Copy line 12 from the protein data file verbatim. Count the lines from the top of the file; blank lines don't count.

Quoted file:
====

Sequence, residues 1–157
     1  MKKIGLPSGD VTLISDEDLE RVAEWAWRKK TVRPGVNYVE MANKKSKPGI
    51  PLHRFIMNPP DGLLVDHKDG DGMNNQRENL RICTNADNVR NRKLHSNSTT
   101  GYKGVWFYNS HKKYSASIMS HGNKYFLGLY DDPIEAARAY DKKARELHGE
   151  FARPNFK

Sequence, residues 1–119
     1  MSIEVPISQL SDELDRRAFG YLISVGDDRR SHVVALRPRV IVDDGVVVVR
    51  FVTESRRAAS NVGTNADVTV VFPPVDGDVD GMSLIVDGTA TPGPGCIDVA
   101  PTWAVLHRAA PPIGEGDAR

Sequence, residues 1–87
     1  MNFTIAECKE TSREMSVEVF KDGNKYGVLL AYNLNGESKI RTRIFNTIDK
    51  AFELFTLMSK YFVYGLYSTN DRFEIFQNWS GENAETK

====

    51  AFELFTLMSK YFVYGLYSTN DRFEIFQNWS GENAETK